The International Pediatric Association (IPA) is deeply concerned for the safety and
health condition of children living in Ukraine, including those who live in the Donetsk and
Lugansk regions, during the current conflict with Russia. We also very concerned for the
children for now refugees in neighboring countries. Children are often the innocent
victims during armed conflicts. In alignment with the IPA constitution and on behalf of
all children, we call on all international communities to take the necessary measures in
support of the safety and well-being of children affected by the war in Ukraine.
Exposure to war and violent acts adversely affects the life trajectory of children far more
than adults. Apart from the potential for loss of live, physical injury and disability,
disruption of their daily lives, schooling, parental and family support could lead to the
development of post-traumatic stress disorder (PTSD) and other mental health issues.
Poor nutrition, insufficient water safety, poor sanitation, loss of housing, limited access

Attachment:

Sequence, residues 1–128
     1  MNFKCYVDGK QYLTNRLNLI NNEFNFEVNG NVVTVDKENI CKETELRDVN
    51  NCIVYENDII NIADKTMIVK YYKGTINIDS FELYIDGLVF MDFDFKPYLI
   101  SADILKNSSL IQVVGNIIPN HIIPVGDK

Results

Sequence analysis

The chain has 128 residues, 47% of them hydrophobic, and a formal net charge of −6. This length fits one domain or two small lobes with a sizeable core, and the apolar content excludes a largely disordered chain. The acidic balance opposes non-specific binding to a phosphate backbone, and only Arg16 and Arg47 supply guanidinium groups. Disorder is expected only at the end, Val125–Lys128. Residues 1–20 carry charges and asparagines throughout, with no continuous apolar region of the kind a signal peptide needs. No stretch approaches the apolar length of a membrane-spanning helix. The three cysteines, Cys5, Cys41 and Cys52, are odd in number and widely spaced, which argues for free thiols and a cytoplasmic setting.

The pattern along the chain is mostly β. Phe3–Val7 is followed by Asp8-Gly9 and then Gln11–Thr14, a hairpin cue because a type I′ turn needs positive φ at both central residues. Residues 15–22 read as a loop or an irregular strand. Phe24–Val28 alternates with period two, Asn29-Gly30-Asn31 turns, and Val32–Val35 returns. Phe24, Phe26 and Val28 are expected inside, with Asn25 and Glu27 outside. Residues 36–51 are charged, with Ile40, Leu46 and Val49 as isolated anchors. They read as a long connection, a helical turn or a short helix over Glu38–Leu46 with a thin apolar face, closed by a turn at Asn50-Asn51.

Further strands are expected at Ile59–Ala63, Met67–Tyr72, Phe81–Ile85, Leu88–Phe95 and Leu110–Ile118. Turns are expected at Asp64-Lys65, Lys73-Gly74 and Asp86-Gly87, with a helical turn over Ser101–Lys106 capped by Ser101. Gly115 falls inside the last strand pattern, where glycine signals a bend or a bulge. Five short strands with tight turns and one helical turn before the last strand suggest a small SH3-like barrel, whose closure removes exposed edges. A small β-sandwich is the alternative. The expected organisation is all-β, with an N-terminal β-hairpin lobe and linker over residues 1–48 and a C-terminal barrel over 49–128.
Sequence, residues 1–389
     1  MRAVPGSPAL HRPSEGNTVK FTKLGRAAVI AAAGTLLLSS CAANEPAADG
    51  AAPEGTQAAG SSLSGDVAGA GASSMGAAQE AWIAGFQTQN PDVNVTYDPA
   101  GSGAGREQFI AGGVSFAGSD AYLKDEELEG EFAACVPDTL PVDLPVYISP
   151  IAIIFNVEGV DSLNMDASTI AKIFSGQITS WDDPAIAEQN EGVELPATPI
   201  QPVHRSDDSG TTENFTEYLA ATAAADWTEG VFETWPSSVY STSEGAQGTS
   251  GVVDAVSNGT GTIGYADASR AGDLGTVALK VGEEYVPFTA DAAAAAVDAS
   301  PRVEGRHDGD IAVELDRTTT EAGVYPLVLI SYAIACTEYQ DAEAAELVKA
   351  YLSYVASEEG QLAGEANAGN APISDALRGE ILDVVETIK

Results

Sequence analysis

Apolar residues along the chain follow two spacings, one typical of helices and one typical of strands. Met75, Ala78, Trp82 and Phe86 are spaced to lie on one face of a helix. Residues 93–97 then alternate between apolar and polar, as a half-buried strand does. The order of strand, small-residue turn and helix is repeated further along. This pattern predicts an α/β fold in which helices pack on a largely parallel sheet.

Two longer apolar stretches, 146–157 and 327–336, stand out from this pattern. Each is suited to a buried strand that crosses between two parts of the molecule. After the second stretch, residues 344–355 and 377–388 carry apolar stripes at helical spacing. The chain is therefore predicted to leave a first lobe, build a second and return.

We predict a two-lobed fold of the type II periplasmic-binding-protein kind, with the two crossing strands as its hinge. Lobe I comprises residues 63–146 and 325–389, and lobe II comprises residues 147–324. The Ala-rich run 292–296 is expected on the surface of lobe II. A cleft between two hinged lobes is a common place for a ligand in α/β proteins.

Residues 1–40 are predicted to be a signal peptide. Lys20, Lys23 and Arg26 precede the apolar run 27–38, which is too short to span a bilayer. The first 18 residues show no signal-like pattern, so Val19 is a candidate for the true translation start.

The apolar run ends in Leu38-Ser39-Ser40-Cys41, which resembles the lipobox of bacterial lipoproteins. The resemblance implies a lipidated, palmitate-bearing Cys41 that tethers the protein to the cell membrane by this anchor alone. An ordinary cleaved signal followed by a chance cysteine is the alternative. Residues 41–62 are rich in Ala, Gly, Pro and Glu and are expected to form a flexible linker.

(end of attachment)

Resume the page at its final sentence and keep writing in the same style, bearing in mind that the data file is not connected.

to healthcare, increased risk of communicable diseases, with population movement all
contribute to impact war have on children.
As pediatricians, we are committed to the health and well-being of children from all racial
and ethnic backgrounds. By ensuring these rights, only then we can protect children and
secure their future. Today in Ukraine, a child may lose his or her live, become injured or
disabled, loose a parent or a family member, learning opportunity at school, time to live
as a child and play with friends. Their lives will not be the same when the war ends and
they will carry the scars of the distress they endured for the rest of their lives.
This letter serves as the official position statement and we invite the international
community to make every effort for the war to end as soon as possible, in the interest of
protecting children’s safety, wellbeing, education, and health in Ukraine. We should all
strive for fair, equal, and dignified treatment of children. We should protect the rights of
children to be protected from harm throughout the fighting, and their safety must be a
priority under the Convention on the Rights of the Child (CRC). In addition, humanitarian
supplies including food and medical supplies to the families and children should be
ensured as generous and efficient. These actions are imperative to prevent the
detrimental effects of war on psychological and physical health over children.
IPA: working for Every Child, Every Age, Everywhere